An LVEMP official who asked not to be named because he is not authorised to speak for the entity, told Smart Company that procurement of equipment was bogged down by bureaucracy and mystery. The process was too long, revolving around the Treasury, the Ministry of Environment, and the Central Bank of Kenya.
LVEMP national coordinator Francisca Owuor, when contacted on phone, said she was out of the office.
The livelihoods of fishermen who eke a living from the lake are still threatened since scientists have maintained that hyacinth can only be managed, not eliminated.
“Continuous disposal of industrial waste into the lake has been a challenge to management of hyacinth as it keeps sprouting at an alarming rate,” said Kemfri lead researcher, Dr Oweke Ojwang. A report by the Kenya National Cleaners Production Centre late last year said 90 per cent of regional industries release thousands of tonnes of effluent into the fresh water lake yearly.
Drama has since taken centre-stage in hyacinth removal among stakeholders, with some feeling that they were sidelined from a share of the funds. LVEMP2 is currently in a row with a fishermen’s lobby over alleged mismanagement of funds released for emergency removal of hyacinth.
In 2011, the Ethics and Anti-Corruption Commission launched investigations into the claims. The EACC wrote to the LVEMP programme national coordinator demanding all documents on the project.
The former EACC regional coordinator in Kisumu, Mr David Too, said they expected LVEMP officers to provide documents regarding the procurement services and financial commitments of the project. The case is ongoing.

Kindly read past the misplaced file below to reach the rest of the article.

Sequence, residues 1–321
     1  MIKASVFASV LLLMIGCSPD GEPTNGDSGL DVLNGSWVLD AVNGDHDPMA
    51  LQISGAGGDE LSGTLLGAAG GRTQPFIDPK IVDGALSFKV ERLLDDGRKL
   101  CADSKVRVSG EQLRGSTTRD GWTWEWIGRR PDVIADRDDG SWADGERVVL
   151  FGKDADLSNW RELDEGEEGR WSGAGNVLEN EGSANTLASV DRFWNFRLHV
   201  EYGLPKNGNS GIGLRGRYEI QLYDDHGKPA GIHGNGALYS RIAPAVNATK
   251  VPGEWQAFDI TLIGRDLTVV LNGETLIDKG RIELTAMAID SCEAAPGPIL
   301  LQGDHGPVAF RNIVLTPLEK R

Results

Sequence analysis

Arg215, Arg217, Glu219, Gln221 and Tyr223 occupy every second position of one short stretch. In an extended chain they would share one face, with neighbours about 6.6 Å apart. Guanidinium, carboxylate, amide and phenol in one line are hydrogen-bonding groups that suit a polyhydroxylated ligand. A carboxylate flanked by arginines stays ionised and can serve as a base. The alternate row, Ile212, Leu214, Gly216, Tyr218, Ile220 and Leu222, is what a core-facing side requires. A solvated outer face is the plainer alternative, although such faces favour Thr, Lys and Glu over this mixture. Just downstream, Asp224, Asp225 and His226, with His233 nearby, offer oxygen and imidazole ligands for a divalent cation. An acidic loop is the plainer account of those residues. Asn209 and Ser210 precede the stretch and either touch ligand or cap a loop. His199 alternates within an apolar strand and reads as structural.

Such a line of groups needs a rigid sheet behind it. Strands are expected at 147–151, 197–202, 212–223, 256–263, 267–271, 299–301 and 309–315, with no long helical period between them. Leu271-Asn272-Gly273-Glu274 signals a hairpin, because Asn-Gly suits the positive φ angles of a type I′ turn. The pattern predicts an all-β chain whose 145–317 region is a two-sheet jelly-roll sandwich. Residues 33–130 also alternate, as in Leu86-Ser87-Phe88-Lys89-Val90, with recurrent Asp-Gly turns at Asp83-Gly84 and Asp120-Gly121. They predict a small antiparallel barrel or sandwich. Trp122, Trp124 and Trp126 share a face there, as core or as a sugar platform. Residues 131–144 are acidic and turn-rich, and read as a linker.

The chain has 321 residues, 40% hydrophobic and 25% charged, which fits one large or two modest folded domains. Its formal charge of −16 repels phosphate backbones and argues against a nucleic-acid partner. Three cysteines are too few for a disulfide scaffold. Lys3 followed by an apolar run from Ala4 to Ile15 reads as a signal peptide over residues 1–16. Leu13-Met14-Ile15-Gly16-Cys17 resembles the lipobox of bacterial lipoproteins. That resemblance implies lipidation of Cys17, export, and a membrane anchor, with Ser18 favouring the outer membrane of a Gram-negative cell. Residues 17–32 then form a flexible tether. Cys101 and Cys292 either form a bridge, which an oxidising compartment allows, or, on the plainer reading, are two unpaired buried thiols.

PHOTO Kisumu- Kondele Round About Plan....

This is how Nyamasaria Interchange now under construction will look like upon completion

Saturday, 10 August 2013

Kisumu investors Cry Foul over Flights Diversion to Entebbe

Diversion of international planes to as far as Entebbe following Wednesday’s Jomo Kenyatta International Airport (JKIA) fire has sparked debate as Kisumu business stakeholders and hoteliers cry foul.

Kisumu Business Association through its chief executive Aba Eban questioned the motive behind diverting flights to Entebbe yet the lakeside airport had been marked for international arrivals, making it the first alternative at times of crisis.

“We have the best runway compared to other airports in the country and yet no government agency could make sense of it and send planes to the lakeside town when fire broke out at JKIA,” said Mr Eban.

“The crisis made Kisumu lose business when we could get more revenue through incoming flights at the time that Nairobi’s JKIA was a no go zone.”